DURING the Commonwealth Games, Glasgow Chamber held a Warm Up Breakfast event every day at Scotland House.

Yes, we wanted to interact with business folk from around the Commonwealth, but we also wanted to celebrate just how far our city has come in its industrial journey.

Over our 12 breakfast sessions, some 50 successful Glasgow businesses told their story to a packed room over a bacon roll, strong coffee and an Irn Bru.

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Glasgow is now an economic powerhouse and each day we presented the evidence to prove it. We are a big city - in the top 30 in the European Union. We are a bright city - we hang on to our talent much more easily than many of our competitor cities.

We are a capable city - delivering the Games rather proved that point .

We are a diverse city - no longer over-reliant on any one industry. There are at least six industries including engineering, life sciences and renewables that have genuine potential for growth and where new manufacturing and export trade could be possible.

Now we are asking - what's next for the city and what economic legacy can we get from the Games?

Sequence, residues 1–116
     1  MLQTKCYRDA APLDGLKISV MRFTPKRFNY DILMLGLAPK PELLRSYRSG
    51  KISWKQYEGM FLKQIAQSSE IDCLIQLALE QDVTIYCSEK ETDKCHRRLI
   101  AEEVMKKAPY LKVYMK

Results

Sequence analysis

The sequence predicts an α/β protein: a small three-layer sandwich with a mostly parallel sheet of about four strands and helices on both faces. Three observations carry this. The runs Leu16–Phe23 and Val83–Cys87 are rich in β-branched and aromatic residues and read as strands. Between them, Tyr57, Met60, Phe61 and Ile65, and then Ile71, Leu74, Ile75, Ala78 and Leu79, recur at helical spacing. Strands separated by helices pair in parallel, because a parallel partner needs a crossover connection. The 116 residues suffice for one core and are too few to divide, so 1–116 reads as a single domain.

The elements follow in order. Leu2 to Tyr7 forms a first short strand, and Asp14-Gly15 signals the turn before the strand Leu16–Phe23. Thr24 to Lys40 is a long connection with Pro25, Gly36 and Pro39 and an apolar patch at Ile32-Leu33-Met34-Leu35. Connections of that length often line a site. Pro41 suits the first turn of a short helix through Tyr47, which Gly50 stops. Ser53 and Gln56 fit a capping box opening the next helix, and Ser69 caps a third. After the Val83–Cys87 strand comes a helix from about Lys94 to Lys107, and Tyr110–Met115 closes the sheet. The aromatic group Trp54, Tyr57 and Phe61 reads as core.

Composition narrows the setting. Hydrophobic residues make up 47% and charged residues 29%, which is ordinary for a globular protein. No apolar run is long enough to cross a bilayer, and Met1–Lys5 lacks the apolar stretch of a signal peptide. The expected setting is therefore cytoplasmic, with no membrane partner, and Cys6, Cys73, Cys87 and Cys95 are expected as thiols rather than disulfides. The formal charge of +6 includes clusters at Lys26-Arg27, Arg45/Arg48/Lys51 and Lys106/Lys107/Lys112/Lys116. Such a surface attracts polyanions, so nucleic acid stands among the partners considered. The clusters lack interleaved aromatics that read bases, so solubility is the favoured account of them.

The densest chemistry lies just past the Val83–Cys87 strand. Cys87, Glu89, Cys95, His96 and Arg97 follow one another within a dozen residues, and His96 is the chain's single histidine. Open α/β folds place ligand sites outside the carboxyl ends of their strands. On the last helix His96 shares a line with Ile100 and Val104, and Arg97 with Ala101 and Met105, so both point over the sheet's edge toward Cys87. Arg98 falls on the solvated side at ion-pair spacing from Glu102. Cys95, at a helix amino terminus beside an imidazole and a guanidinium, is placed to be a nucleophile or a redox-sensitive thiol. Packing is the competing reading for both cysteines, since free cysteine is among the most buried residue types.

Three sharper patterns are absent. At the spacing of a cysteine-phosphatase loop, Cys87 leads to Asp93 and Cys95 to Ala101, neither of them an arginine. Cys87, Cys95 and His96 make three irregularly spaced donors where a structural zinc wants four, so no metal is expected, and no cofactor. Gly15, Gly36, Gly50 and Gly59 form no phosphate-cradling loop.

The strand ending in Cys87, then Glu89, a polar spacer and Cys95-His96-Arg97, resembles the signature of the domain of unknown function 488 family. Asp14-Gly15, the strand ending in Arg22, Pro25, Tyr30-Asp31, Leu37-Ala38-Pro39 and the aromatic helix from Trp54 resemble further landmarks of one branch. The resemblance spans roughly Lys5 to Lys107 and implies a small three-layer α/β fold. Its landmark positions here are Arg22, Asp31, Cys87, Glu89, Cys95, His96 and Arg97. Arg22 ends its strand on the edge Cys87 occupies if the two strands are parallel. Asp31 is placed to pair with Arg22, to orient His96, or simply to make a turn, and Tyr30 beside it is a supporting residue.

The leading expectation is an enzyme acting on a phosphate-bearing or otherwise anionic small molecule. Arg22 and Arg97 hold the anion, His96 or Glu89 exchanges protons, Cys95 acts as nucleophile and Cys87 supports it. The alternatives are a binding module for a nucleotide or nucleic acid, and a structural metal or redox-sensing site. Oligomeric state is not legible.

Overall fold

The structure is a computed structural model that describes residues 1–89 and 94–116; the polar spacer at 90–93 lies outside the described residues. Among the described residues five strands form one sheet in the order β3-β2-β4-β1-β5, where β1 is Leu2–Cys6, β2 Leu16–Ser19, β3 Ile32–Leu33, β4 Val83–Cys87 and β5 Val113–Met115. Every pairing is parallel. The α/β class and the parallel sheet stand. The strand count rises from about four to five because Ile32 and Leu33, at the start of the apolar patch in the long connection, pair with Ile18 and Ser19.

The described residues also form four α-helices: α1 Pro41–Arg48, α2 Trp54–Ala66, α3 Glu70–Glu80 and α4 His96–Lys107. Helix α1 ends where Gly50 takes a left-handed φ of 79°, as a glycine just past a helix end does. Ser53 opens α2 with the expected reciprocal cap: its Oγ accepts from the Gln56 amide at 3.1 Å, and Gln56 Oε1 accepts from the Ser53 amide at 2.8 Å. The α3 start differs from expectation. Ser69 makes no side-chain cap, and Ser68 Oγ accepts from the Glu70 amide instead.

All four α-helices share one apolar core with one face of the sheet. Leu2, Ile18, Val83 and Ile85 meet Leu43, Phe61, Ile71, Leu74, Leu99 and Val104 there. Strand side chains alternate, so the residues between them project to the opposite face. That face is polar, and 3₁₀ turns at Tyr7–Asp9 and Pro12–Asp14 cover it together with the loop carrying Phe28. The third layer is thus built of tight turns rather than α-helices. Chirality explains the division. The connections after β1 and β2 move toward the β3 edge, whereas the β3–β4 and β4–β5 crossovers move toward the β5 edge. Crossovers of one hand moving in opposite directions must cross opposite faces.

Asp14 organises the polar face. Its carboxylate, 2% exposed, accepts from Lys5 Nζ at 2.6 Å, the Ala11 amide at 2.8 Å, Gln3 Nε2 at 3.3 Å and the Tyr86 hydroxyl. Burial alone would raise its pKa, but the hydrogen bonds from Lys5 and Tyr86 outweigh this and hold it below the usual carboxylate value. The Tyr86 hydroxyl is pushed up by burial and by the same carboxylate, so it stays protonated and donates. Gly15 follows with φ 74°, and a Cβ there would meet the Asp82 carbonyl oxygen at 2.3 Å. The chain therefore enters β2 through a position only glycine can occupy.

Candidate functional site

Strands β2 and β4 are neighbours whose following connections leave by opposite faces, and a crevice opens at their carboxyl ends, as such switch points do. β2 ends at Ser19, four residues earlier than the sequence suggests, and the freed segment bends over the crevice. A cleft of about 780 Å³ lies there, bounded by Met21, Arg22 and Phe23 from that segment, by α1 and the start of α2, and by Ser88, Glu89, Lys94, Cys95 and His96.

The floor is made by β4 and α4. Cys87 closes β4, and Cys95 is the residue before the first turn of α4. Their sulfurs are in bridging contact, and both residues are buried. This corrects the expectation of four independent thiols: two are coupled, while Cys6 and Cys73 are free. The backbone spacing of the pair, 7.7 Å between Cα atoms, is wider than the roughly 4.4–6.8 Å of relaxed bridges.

Well, I would be astonished if we don't see an increase in leisure tourism for a start. Manchester secured an extra 300,000 annual visitors after the 2002 Games.

On a base of 2.3 million visitors already coming to Glasgow each year, that would amount to over 10 per cent more visitors in our hotels, shops, bars and restaurants in the years ahead.

Four out of every 10 tickets sold went to visitors from outside Scotland , with strong demand from the South of England where outdated perceptions of Glasgow are amongst the most stubborn.

I hope the Games have changed hundreds of thousands of minds like these. I know that Glasgow City Marketing Bureau will be using the People Make Glasgow brand to hammer home those images of the new, real Glasgow that the BBC's excellent coverage created.

But a surge in visitors is the very least we should be aiming for.

I'm hoping that the Games has changed our own perceptions too and that we can be much more bullishly confident about the prospects for our city.

It's time to move on from such as Glasgow's Miles Better and the 1990 Year of Culture. They are long past. The People Make Glasgow message captures the essence of why the Games were a success and why Glasgow has become that new economic powerhouse.

Stuart Patrick is chief executive of Glasgow Chamber of Commerce